The neatness of an API means that some of the shapes within it are exposed. It’s this exposed area that enables a connection to happen. It means you can connect multiple technology components (software for example) in a way that is controlled and agile. In so doing it allows you to determine your inputs and outputs with the outside world. At Experian, we are using APIs within many of our solutions. They enable new connections that offer scalability, flexibility and agility.
APIs will likely be the pin for the future of technology. In many instances, they already are. They enable a new functionality that is accessible and agile.
An example of how Experian are using APIs is in business information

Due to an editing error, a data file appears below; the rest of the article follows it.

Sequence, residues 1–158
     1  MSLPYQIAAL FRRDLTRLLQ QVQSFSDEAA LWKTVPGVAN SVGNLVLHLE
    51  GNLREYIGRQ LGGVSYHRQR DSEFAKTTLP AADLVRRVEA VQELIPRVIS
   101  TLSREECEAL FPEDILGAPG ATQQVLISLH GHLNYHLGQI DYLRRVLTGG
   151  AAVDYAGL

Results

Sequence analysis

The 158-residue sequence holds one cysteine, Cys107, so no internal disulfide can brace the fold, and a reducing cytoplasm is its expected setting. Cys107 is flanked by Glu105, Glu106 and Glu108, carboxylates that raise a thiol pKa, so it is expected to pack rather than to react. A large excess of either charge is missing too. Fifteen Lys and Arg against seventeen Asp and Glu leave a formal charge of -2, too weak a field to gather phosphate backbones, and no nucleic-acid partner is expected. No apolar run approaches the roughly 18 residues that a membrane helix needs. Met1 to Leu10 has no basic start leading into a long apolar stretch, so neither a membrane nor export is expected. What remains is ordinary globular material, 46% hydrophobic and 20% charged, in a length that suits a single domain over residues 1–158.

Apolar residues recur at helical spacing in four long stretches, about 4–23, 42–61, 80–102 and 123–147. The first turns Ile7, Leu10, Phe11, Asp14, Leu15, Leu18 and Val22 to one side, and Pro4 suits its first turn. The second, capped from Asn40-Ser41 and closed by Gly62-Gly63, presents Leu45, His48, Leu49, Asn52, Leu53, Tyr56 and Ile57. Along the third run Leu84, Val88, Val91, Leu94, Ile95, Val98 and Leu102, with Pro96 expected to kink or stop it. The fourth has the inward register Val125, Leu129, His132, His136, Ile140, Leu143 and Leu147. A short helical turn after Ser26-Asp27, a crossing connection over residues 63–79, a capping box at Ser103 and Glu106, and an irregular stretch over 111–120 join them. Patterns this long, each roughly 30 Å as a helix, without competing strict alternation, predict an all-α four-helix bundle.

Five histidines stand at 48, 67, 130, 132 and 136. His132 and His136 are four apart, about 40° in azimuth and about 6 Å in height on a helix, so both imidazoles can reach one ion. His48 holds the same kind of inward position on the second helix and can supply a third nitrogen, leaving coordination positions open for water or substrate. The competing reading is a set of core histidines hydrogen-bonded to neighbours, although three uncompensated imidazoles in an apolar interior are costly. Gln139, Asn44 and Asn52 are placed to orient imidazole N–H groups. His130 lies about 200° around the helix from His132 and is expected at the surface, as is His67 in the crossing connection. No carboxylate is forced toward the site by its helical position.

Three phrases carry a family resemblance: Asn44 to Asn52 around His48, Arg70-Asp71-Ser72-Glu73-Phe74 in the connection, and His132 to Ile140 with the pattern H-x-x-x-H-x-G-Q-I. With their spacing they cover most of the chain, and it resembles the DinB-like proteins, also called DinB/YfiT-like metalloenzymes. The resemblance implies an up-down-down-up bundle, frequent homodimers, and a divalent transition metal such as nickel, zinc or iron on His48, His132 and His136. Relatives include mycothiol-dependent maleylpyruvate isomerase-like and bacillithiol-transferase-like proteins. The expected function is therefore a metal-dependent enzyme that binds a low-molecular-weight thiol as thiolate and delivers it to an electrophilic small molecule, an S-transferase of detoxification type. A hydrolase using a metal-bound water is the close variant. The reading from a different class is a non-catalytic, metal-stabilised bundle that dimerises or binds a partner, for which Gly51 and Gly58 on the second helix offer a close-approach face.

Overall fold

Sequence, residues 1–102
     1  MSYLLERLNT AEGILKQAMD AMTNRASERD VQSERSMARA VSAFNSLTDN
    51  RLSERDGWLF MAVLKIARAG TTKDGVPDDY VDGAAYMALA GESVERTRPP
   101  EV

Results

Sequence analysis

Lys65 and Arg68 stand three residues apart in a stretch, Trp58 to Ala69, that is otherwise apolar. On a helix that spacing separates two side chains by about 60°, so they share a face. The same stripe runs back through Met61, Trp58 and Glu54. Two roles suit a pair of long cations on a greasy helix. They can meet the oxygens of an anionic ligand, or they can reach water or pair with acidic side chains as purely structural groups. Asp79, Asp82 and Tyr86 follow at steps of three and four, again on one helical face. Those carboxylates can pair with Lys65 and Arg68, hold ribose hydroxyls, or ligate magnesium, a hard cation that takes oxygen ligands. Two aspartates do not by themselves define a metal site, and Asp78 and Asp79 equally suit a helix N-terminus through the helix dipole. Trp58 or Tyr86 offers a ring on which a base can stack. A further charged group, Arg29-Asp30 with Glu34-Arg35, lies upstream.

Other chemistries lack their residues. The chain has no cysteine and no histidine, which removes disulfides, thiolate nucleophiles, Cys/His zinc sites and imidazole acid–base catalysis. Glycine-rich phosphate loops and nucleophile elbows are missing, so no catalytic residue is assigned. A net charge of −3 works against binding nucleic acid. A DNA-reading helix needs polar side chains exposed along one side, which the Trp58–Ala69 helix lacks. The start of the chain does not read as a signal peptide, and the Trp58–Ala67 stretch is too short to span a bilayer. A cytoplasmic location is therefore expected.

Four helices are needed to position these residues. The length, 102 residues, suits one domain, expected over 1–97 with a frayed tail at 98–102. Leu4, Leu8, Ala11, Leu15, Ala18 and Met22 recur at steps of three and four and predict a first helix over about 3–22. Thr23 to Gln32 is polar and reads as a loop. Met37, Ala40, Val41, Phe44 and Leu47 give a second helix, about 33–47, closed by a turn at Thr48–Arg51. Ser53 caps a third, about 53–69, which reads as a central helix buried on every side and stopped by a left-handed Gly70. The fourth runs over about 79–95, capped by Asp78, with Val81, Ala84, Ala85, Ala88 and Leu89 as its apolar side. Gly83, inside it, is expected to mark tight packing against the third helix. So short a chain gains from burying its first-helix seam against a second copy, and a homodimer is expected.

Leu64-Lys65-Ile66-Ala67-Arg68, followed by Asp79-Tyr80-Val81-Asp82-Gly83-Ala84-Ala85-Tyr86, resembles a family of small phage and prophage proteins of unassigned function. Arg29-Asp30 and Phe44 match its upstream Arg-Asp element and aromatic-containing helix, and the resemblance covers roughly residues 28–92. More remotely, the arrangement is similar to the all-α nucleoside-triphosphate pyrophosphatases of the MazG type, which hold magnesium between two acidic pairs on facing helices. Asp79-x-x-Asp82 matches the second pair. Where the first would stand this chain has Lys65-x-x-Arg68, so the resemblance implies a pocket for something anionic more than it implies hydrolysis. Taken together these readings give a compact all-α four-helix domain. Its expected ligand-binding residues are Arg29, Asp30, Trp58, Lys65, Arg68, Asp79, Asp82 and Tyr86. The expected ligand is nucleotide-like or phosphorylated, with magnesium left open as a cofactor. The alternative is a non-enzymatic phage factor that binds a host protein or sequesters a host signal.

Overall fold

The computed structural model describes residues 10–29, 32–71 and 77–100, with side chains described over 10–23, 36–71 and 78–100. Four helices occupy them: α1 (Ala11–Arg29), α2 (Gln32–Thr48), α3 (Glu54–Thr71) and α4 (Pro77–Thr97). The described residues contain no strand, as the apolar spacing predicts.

APIs allow you to integrate accurate business data from a wealth of sources into your own systems, workflows, websites and products. Fast – and in real-time. This can help you enhance and streamline your business processes and make confident, well-informed business decisions, improving the customer journey through integrated programmes that are connected for a purpose.
The API also allows you to pre-populate lengthy forms. This brings significant improvements in two critical areas of customer satisfaction in engaging with companies – ease and accuracy in dealing with personal data.
Another example of the benefits of API usage is in fraud.
The CrossCore platform was specifically developed to help you navigate the ever-changing and complex world of fraud prevention. It is an open platform that enables you to readily combine solutions from us, other providers and even your own solutions – so you can connect, access and orchestrate decisions across multiple systems.